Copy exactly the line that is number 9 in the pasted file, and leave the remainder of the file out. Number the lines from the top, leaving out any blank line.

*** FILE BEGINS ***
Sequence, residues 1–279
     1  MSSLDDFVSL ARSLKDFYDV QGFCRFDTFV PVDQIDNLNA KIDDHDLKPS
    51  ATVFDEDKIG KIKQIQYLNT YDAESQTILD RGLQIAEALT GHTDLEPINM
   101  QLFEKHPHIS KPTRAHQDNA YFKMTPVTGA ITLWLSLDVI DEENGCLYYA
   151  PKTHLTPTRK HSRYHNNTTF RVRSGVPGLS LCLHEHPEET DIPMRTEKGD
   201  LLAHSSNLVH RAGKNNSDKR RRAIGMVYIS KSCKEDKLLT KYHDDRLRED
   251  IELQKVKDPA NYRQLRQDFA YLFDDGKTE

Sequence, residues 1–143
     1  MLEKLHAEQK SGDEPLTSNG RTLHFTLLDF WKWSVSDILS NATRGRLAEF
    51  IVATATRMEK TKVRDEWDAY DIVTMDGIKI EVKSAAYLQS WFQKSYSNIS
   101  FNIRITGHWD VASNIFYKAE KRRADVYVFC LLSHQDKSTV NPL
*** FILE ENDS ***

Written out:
     1  MLEKLHAEQK SGDEPLTSNG RTLHFTLLDF WKWSVSDILS NATRGRLAEF